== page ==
|MOT 6242||Upper Extremity Conditions Residency||2|
|MOT 6331||Evaluation and Intervention: Burn and Trauma Rehabilitation||3|
|MOT 6132||Burn and Trauma Rehabilitation Residency||1|
|MOT 6228||UE Occupation Centered Intervention & Cultural Awareness||2|
|MOT 6221||UE Occupation Centered Intervention & Cultural Awareness Residency||2|
|MOT 6337||Field Research for Occupational Therapy||3|
|MOT 6317||Qualitative Methods||3|
|MOT 6213||Evaluation and Intervention: Post-Traumatic Stress & Polytrauma||2|
|MOT 6214||Post-Traumatic Stress & Polytrauma Residency||2|
|MOT 6336||Aspects of Pharmacology, Complementary and Alternative Medicine, & Nutrition in Occupational Therapy||3|
|MOT 6243||Advanced Hand Surgery Outcomes for Occupational Therapists||2|
|MOT 6344||Advanced Professional Paper Product||3|
|MOT 6128||Clinical Management in Army Occupational Therapy||1|
|MOT 6441||Upper Extremity & Behavioral Health Conditions Residency||4|
Military Occupational Therapy (MOT)
Provides application and integration of knowledge and skills attained in the in-depth study of combat operational stress control and the role of the occupational therapist; experienced through forty-eight hours of assessment and intervention in the soldier's work environment.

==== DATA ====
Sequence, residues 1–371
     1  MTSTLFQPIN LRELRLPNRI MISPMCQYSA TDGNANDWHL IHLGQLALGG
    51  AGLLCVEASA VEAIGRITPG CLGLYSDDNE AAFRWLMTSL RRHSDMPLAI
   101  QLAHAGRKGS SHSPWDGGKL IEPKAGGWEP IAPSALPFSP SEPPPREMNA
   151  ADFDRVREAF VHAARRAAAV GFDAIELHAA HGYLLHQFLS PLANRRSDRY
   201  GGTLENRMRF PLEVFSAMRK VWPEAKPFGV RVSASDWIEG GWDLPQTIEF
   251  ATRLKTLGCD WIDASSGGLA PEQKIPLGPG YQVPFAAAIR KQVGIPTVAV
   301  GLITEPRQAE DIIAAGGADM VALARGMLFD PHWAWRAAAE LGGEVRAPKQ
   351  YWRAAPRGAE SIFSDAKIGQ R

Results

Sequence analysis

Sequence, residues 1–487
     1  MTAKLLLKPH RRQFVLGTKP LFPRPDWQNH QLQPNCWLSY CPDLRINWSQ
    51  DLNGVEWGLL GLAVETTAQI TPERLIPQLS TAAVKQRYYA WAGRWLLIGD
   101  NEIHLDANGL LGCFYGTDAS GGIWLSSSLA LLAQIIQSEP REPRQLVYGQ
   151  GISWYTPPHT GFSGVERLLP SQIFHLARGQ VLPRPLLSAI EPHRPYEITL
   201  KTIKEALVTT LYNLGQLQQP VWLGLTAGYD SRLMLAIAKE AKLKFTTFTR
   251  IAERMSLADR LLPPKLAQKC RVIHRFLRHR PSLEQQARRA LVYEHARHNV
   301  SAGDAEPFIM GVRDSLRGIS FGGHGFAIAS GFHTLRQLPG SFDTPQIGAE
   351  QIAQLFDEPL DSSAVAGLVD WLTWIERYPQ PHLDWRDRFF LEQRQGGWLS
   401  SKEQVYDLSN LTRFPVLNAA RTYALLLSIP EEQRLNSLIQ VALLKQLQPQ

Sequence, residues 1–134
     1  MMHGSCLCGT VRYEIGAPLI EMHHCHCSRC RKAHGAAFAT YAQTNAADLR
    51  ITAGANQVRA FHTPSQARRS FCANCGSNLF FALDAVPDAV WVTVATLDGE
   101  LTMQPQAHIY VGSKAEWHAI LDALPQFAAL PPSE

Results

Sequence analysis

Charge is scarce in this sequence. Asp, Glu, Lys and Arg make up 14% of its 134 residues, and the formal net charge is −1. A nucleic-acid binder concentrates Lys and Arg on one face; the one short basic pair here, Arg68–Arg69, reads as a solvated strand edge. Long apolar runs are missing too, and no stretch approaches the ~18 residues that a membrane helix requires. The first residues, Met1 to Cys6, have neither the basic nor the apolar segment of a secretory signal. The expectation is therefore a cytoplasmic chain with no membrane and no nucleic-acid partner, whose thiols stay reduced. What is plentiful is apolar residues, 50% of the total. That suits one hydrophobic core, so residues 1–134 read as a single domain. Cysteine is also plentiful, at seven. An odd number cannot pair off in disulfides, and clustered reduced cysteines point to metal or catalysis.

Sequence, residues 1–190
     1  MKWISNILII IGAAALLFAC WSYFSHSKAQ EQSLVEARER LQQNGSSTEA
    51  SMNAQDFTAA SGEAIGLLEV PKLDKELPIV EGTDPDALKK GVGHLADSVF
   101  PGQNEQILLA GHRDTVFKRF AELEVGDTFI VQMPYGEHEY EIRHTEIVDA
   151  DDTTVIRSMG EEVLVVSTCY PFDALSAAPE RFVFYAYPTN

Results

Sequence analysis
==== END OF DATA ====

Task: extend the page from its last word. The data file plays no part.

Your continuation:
The Clinical Management in Army Occupational Therapy course exposes the student to the supervisory and leadership responsibilities and demands faced by clinical managers in military occupational therapy clinics. The student examines and analyzes evidence-based solutions for routine and complex managerial problems and demands in order to develop a clinical management plan.
Applies the didactic learning from the evaluation and intervention course to the clinic setting with emphasis on assessment and intervention to minimizing devastating and lifelong disability and maximizing patient functional outcome.
Focuses on the application of evidence-based concepts and skills for selection of occupational therapy behavioral health assessment and intervention in the clinical and operational setting and promotes the role of the occupational therapist as a member of the behavioral health team.
Emphasizes the evaluation and intervention of individuals experiencing polytrauma including post-traumatic stress disorder, traumatic brain injury, and amputation. Focuses on evaluating the occupational function, cognitive and social performance, behavioral health, amputee rehabilitation, post-surgical limb care, prosthetic selection, assistive technology associated with prosthetics, prosthetic fitting, training, and management including interventions for ADL and IADL, cognitive retraining, communication and interpersonal skills, and community reintegration. Students explore the current literature to evaluate and apply current evidence-based assessment tools and intervention methods that support occupational performance, role competence, and adaptation, quality of life, and client satisfaction outcomes incorporating to utilize for patients experiencing polytrauma. Students learn to integrate evidence-based knowledge to strengthen and/or modify occupational therapy assessment and intervention. Focuses on the special rehabilitation needs of patients with polytrauma in all settings, who enter both the military and civilian health care environments. Methods of instruction include lecture, discussion, readings, and case study analysis.